Notice of Termination of the Intent To Prepare an Environmental Impact Statement in Connection With Dakota Access, LLC's Request for an Easement To Cross Lake Oahe, North Dakota (February 17, 2017)

Original Federal Register Notice:
Notice of Intent To Prepare an Environmental Impact Statement in Connection With Dakota Access, LLC's Request for an Easement To Cross Lake Oahe, North Dakota (January 18, 2017)

Dakota Access Pipeline Approval Documents:
Department of Justice Notice | Department of the Army Approval Memorandum | Notice of Termination of EIS for Dakota Access Pipeline | Easement Letter to Congressional Leadership

White House Documents:
Presidential Memorandum Regarding Construction of the Dakota Access Pipeline (January 24, 2017)
Presidential Memorandum Regarding Construction of the Keystone XL Pipeline (January 24, 2017)
Executive Order Expediting Environmental Reviews and Approvals For High Priority Infrastructure Projects (January 24, 2017)
Presidential Memorandum Regarding Construction of American Pipelines (January 24, 2017)
Presidential Memorandum Streamlining Permitting and Reducing Regulatory Burdens for Domestic Manufacturing (January 24, 2017)
Press Release: President Trump Takes Action to Expedite Priority Energy and Infrastructure Projects (January 24, 2017)

Join the Conversation

Related Stories
Army Department formally cancels Dakota Access Pipeline review (2/16)
Native Sun News Today: Dakota Access firms see spills, explosions (2/16)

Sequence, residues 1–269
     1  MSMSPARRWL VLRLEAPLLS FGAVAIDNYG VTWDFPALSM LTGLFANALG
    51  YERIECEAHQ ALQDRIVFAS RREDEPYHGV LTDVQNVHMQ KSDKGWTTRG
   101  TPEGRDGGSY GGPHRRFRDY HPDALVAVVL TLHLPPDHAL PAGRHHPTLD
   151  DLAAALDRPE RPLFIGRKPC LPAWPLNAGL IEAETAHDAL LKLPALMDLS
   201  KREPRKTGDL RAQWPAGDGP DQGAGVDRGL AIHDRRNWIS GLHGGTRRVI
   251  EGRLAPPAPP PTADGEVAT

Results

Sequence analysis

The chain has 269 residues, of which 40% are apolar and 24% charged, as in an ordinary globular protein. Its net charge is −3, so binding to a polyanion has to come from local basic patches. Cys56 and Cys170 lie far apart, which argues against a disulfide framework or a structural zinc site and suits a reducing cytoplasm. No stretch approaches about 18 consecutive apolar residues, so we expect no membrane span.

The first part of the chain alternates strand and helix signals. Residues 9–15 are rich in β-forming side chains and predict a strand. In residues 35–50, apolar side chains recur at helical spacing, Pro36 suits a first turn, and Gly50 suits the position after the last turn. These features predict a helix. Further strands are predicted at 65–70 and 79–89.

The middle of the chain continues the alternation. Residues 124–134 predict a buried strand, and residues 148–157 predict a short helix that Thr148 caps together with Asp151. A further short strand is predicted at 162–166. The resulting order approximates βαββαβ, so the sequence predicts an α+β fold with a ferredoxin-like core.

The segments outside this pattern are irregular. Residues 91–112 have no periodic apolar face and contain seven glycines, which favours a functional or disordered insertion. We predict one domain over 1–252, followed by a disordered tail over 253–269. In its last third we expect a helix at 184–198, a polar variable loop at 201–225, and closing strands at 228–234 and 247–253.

James Giago Davies: Tribes face bigger threat than Dakota Access (2/16)
Monte Mills: Tribes turn to courts to battle Dakota Access Pipeline (2/16)
Standing Rock leader vows to 'forgive' despite White House slight (2/15)
Freedom Socialist: Voices from water protectors at Standing Rock (2/15)
New leader of key House panel defends handling of Dakota Access (2/14)
Dakota Access ready to start transporting oil sooner than expected (2/13)
More tribes join effort to halt completion of Dakota Access Pipeline (2/13)
Army Corps gave go ahead to Dakota Access Pipeline in key memo (2/13)
Mark Trahant: Battle over Dakota Access Pipeline is far from over (2/13)
Tribes head back to court in hopes of halting Dakota Access Pipeline (2/10)
Dakota Access pushes to finish pipeline with Army Corps easement (2/9)
Mark Charles: The real reason Trump hasn't heard about #NoDAPL (2/9)
James Giago Davies: Dakota Access battle has got us divided again (2/9)
Tribes promise fight to keep Dakota Access Pipeline out of homeland (2/8)
Key Dakota Access document from Army Corps wasn't filed in court (2/8)
J. Gabriel Ware & James Trimarco: City breaks with bank over DAPL (2/8)
Tracy Loeffelholz Dunn: In defense of Native journalist Jenni Monet (2/8)
Chelsey Luger: Media is still trying to divide and conquer our people (2/8)
Peter d'Errico: Even Donald Trump can't trample over tribal treaties (2/8)
Andrea Carmen/Roberto Borrero: Trump's slash and burn on treaties (2/8)
Trump administration formally approves easement for Dakota Access (2/7)
Mark Trahant: Native journalist charged by North Dakota authorities (2/7)
Albert Bender: Donald Trump goes blitzkrieg on #NoDAPL movement (2/7)
Dakota Access offers timeline as Trump finalizes decision on pipeline (2/6)
Ladonna Bravebull Allard: Indigenous nations must stand our ground (2/6)
Jenni Monet: I got arrested for reporting on the #NoDAPL movement (2/6)
Ray Cook: Now it is time for all of us to stand down at Standing Rock (2/6)
Frances Madeson: More tribes joining with #DefundDAPL movement (2/3)
Mark Trahant: Donald Trump's 'logic' on the Dakota Access Pipeline (2/1)
Winona LaDuke: Tribes emboldened by resistance at Standing Rock (2/1)
Native Sun News Today: Tribes push back on Trump's pipeline orders (2/1)
Trending in News
More Headlines